Raúl Alegría serves as President of MARCHA, the national UM caucus advocating for Hispanics/Latinos within and outside the UMC. Raúl served as Treasurer of the Southeastern Jurisdiction from 2004-2012 and as Chief Financial Officer of Lake Junaluska Assembly, Inc. in North Carolina until his retirement on 12-31-2012.

Monday, February 4, 2013

Bishop Hope Morgan Ward: Why I Choose the UMC

We love because God first loved us.  In a profound sense, I choose the UMC because God in Christ chose the UMC for me!

I choose the UMC, full of hope that we will live in ever-increasing fruitfulness through Christ in the world.  Our calling is always to turn outward, to experience the Living Christ at the place where the mission of the church meets the world.

Bishop Francis Asbury told the frontier Methodists in America, "Take the resources from the center to the circumference."  This is the challenge for us today, in every place where United Methodists are present.

God is active at the margins.  We meet Christ in the face of those who are sick or anxious or fearful, who are young or elderly, who are searching or hungry.  I choose the UMC because the heritage, the theology and the vision of our church turns us to face out  into the world God loves.

When I was a child, growing up within the embrace of Parkers United Methodist Church, one of three rural churches on a pastoral charge in northeastern North Carolina, I learned from seasoned Christians that mission engagement is a means of grace.  They, of course, learned it from their forebears who learned it from our spiritual parents, Suzannah and John and Charles Wesley. 

At Christmas, we visited those who were elderly and those who were sick.  In the fall, we visited homes, collecting money for children in need.  In Sunday school and worship, we learned that God loves cheerful givers, that God honors hospitality and generosity.  We learned that faith is empty without witness.  I later learned the terms "personal holiness" and" social holiness."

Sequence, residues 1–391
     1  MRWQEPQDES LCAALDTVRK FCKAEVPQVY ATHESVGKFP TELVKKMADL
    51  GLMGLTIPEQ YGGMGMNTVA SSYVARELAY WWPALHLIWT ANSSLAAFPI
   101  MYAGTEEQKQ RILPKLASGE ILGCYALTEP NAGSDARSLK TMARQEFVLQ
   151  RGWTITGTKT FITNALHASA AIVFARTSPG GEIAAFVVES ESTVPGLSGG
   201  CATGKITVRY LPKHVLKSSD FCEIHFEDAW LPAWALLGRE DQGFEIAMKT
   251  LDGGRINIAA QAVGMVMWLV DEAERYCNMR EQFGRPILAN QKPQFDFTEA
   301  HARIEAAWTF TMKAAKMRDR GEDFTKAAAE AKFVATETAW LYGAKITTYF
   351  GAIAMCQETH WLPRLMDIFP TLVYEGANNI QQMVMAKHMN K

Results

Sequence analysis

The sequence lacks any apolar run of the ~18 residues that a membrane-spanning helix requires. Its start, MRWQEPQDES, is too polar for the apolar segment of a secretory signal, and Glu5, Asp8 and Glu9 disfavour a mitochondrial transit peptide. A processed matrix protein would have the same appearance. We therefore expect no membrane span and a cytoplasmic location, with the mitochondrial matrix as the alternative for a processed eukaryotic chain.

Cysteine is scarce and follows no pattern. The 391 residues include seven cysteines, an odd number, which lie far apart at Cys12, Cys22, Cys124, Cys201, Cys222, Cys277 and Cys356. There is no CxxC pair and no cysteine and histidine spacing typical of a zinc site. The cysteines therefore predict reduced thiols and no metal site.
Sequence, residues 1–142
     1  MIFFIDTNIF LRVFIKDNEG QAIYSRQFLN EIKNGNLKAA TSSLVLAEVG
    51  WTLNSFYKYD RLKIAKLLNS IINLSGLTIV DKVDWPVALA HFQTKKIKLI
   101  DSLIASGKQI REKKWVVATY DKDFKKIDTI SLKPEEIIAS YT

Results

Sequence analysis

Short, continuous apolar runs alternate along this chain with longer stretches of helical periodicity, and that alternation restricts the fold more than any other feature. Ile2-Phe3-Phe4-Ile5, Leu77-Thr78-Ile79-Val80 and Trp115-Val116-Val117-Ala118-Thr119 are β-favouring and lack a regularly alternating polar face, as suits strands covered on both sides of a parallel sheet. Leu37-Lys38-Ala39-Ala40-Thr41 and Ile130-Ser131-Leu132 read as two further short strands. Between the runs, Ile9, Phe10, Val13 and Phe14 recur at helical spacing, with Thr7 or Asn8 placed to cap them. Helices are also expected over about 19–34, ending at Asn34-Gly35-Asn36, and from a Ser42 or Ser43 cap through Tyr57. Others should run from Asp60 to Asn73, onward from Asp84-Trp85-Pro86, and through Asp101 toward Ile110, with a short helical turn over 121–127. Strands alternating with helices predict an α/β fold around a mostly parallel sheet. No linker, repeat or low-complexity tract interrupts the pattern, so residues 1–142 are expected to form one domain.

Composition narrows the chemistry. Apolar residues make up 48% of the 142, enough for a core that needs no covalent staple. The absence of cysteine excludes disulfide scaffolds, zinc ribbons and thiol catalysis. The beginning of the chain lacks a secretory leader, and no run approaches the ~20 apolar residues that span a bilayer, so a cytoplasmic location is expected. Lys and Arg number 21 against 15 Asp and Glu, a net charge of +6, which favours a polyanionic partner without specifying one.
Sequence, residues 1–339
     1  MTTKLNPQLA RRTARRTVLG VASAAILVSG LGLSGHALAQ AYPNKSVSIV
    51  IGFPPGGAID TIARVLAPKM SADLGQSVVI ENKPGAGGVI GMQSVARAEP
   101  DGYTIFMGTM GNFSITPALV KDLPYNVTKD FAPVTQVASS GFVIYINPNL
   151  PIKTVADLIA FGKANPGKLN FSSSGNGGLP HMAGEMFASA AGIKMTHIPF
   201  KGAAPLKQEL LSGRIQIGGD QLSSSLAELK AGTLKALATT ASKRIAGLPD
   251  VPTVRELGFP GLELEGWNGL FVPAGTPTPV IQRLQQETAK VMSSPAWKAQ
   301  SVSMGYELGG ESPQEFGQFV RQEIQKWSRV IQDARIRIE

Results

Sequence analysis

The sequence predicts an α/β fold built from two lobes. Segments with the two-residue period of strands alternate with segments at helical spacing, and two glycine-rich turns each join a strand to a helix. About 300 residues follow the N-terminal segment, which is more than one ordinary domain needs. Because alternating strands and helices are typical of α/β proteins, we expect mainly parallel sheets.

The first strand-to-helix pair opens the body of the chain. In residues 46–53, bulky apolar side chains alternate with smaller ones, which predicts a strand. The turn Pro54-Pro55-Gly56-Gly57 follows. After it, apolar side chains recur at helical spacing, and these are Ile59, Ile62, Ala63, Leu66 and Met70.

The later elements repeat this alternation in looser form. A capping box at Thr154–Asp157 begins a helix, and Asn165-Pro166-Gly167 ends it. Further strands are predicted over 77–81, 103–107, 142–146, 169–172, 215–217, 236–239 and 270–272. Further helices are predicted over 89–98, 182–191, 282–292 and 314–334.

Our life was not perfect, of course.  We were, however, headed toward the perfection that only God can give, the holiness that is a work of the Holy Spirit in us.

I am told that "all" was Charles Wesley's favorite word,  I am convinced this is true.  My favorite Wesley hymn is witness to the resonant "all":

Love divine, all loves excelling, joy of heaven to earth come down.
Fix in us thy humble dwelling, all thy faithful mercies crown.
Jesus, thou art all compassion, pure unbounded love thou art!
Visit us with thy salvation, enter every trembling heart!

"All" and "every" - favorite Wesleyan words - favorite Biblical words.  God will not stop until this entire creation is renewed and redeemed. 

I choose the UMC again in this moment.  We are the people who embrace God's "all."  We are the people who answer with confidence the question, "Who is Jesus?"   We sing, with joy, "Jesus, thou art all compassion, pure unbounded love thou art!"  And we pray, "Visit us with thy salvation, enter every trembling heart!"

Bishop Hope Morgan Ward serves the North Carolina Conference after serving the Mississippi Conference 2004-2012.  She is the president of the General Board of Global Ministries and of JustPeace.  She and her spouse Mike are partners in Christ's mission, particularly with the young.